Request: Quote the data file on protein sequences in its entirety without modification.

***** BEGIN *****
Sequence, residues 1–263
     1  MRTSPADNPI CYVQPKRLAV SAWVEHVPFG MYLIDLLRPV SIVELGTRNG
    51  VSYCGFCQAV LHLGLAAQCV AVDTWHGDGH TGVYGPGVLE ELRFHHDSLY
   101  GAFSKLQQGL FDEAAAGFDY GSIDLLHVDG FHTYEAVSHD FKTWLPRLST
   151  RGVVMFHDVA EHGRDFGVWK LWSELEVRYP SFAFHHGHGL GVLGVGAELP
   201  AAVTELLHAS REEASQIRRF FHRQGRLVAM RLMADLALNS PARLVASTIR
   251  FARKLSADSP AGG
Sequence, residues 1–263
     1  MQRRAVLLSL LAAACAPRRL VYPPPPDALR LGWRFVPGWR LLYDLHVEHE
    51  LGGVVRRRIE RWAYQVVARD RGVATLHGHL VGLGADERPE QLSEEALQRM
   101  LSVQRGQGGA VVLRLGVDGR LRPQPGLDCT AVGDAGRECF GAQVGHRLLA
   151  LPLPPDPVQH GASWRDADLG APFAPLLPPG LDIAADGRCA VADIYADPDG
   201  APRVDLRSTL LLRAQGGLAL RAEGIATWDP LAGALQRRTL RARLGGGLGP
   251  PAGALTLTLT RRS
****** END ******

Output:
Sequence, residues 1–263
     1  MRTSPADNPI CYVQPKRLAV SAWVEHVPFG MYLIDLLRPV SIVELGTRNG
    51  VSYCGFCQAV LHLGLAAQCV AVDTWHGDGH TGVYGPGVLE ELRFHHDSLY
   101  GAFSKLQQGL FDEAAAGFDY GSIDLLHVDG FHTYEAVSHD FKTWLPRLST
   151  RGVVMFHDVA EHGRDFGVWK LWSELEVRYP SFAFHHGHGL GVLGVGAELP
   201  AAVTELLHAS REEASQIRRF FHRQGRLVAM RLMADLALNS PARLVASTIR
   251  FARKLSADSP AGG
Sequence, residues 1–263
     1  MQRRAVLLSL LAAACAPRRL VYPPPPDALR LGWRFVPGWR LLYDLHVEHE
    51  LGGVVRRRIE RWAYQVVARD RGVATLHGHL VGLGADERPE QLSEEALQRM
   101  LSVQRGQGGA VVLRLGVDGR LRPQPGLDCT AVGDAGRECF GAQVGHRLLA
   151  LPLPPDPVQH GASWRDADLG APFAPLLPPG LDIAADGRCA VADIYADPDG
   201  APRVDLRSTL LLRAQGGLAL RAEGIATWDP LAGALQRRTL RARLGGGLGP
   251  PAGALTLTLT RRS